Test Prep and the College Board's New SAT Exam | Quantum Prep

Test Prep and the College Board’s New SAT Exam

Last Updated on August 27, 2020
Solomon Berman

The New SAT Test is Almost Here: What Do You Need to Know to Prepare?
According to the College Board, the latest version of the SAT exam is going to be much different than the current exam. What does this mean for our Boston area high school students preparing for their SAT exams?

If you are taking the SAT exam in 2016 or beyond, your SAT test preparation will need to be a little different than the high school students who took the test before you.

In order to prepare for this new test, it’s important to know not only what the changes are, but also why the changes are being made and what you need to do to be successful with your own Test Prep.

  • What motivated the changes?
  • What’s the College Board looking for now?
  • What will it take to prepare for the new SAT Test?
  • How can you optimize your score?

One of the major complaints about the previous version of the SAT exam was that it was full of questions irrelevant to the high school curriculum. A typical SAT Prep course meant memorizing extremely obscure vocabulary words and mathematical concepts unfamiliar to students in both high school and everyday life.

The good news is you are going to see a lot more recognizable material on the SAT test than the previous test takers did. This means that the new SAT exam will be covering more reading, writing, and math content you’ve already been exposed to in your high school classes.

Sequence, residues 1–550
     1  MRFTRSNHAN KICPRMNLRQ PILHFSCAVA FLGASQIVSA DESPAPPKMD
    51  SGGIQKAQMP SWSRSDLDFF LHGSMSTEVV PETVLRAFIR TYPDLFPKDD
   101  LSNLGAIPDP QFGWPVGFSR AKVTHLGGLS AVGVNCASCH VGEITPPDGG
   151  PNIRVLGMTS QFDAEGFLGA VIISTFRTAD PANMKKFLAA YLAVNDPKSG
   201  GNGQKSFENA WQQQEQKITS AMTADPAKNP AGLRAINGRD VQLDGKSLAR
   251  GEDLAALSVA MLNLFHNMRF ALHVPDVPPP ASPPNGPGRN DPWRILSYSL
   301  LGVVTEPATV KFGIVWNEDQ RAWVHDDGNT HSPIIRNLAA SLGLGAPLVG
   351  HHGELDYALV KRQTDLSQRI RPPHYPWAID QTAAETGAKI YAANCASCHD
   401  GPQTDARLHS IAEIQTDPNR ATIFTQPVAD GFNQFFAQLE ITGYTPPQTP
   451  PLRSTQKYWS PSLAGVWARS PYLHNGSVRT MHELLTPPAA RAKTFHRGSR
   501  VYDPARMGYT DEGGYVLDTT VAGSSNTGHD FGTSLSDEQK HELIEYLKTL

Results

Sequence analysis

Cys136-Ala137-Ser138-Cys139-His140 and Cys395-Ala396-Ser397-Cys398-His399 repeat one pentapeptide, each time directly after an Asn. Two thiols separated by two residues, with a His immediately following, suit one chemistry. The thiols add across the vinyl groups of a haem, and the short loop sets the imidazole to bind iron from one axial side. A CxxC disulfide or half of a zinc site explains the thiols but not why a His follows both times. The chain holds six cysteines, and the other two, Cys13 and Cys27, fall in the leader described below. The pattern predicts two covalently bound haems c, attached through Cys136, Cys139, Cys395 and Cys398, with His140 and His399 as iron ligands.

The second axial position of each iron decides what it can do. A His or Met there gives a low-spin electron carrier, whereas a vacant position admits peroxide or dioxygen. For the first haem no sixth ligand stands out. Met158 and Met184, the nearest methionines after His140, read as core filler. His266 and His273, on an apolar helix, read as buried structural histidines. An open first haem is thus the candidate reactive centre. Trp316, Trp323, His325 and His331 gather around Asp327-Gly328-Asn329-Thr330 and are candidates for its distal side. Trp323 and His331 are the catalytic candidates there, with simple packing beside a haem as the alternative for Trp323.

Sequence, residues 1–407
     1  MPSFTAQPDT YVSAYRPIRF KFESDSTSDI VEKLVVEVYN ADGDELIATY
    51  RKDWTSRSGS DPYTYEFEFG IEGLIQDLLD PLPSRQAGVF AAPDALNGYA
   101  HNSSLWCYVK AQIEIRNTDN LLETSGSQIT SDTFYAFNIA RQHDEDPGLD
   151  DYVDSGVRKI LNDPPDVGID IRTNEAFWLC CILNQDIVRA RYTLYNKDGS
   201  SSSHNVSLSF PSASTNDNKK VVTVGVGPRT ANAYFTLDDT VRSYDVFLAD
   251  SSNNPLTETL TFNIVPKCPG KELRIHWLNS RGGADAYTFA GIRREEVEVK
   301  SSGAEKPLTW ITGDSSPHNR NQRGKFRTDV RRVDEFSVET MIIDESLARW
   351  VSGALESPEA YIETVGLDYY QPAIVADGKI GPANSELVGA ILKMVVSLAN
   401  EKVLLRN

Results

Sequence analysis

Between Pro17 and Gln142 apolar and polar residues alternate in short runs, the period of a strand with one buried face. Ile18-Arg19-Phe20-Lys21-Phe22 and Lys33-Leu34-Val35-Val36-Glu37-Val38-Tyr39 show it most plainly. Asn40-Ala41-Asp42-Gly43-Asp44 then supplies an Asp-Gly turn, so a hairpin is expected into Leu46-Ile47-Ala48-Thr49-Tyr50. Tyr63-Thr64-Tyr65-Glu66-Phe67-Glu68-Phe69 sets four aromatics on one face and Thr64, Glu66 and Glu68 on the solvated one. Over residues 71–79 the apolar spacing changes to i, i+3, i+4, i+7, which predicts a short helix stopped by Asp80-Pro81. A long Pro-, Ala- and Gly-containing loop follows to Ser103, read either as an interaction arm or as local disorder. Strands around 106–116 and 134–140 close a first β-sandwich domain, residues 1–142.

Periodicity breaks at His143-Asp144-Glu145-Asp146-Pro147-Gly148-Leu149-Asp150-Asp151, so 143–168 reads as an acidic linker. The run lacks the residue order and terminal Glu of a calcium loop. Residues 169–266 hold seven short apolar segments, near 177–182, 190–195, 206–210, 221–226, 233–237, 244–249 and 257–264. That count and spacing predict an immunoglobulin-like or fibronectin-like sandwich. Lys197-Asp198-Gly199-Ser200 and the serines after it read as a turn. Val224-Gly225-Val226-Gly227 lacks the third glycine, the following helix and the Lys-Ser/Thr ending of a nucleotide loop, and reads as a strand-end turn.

The truth is, the College Board’s SAT seems to have taken its cue from the ACT Test, the other college entrance exam that recently overtook the SAT as most popular in the nation. The College Board must have scratched its head. How were they losing ground so fast? What did the ACT provide that the SAT didn’t? And why were students, parents, and high school guidance counselors flocking to the ACT exam and so wary of the College Board’s SAT model?

Here are some of the differences of which the College Board took note as they began their new SAT Exam design:

  • The ACT Test essay was optional, and many universities don’t require a writing score. A test taker eschewing the essay is saving time and, quite often, money.
  • The ACT Exam does not deduct points for incorrect answers, while the SAT Exam penalizes test takers a quarter point for selecting the wrong answer.
    • This is why identifying “tricks” and distractors is greatly emphasized in current SAT prep courses.
  • Perhaps the biggest disparity: The ACT Test content was curriculum-related, covering familiar ground for test takers: reading, math, English, and science.

One of the main complaints about the SAT has been addressed in this new model, according to statements from the College Board President and CEO David Coleman. According to Coleman, the old test lacked genuine information analysis and questions that reflected test takers’ reasoning skills and ability to cite evidence when selecting an answer or making a case.